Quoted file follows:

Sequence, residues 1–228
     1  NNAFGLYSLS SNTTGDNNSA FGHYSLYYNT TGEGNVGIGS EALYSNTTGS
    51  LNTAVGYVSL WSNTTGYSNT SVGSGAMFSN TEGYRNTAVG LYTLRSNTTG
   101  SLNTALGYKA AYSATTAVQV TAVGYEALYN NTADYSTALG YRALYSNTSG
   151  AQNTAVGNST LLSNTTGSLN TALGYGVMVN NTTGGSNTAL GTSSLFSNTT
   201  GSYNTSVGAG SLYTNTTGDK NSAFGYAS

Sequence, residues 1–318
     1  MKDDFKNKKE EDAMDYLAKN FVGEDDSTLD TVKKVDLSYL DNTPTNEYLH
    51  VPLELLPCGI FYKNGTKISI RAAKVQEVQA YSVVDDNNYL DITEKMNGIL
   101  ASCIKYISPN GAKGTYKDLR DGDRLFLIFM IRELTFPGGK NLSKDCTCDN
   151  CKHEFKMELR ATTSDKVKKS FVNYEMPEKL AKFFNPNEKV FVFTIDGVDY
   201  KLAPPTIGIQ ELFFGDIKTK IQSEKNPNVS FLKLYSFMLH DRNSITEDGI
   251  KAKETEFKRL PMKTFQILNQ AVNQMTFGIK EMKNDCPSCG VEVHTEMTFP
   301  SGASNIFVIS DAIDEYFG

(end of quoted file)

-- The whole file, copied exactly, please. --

Sequence, residues 1–228
     1  NNAFGLYSLS SNTTGDNNSA FGHYSLYYNT TGEGNVGIGS EALYSNTTGS
    51  LNTAVGYVSL WSNTTGYSNT SVGSGAMFSN TEGYRNTAVG LYTLRSNTTG
   101  SLNTALGYKA AYSATTAVQV TAVGYEALYN NTADYSTALG YRALYSNTSG
   151  AQNTAVGNST LLSNTTGSLN TALGYGVMVN NTTGGSNTAL GTSSLFSNTT
   201  GSYNTSVGAG SLYTNTTGDK NSAFGYAS

Sequence, residues 1–318
     1  MKDDFKNKKE EDAMDYLAKN FVGEDDSTLD TVKKVDLSYL DNTPTNEYLH
    51  VPLELLPCGI FYKNGTKISI RAAKVQEVQA YSVVDDNNYL DITEKMNGIL
   101  ASCIKYISPN GAKGTYKDLR DGDRLFLIFM IRELTFPGGK NLSKDCTCDN
   151  CKHEFKMELR ATTSDKVKKS FVNYEMPEKL AKFFNPNEKV FVFTIDGVDY
   201  KLAPPTIGIQ ELFFGDIKTK IQSEKNPNVS FLKLYSFMLH DRNSITEDGI
   251  KAKETEFKRL PMKTFQILNQ AVNQMTFGIK EMKNDCPSCG VEVHTEMTFP
   301  SGASNIFVIS DAIDEYFG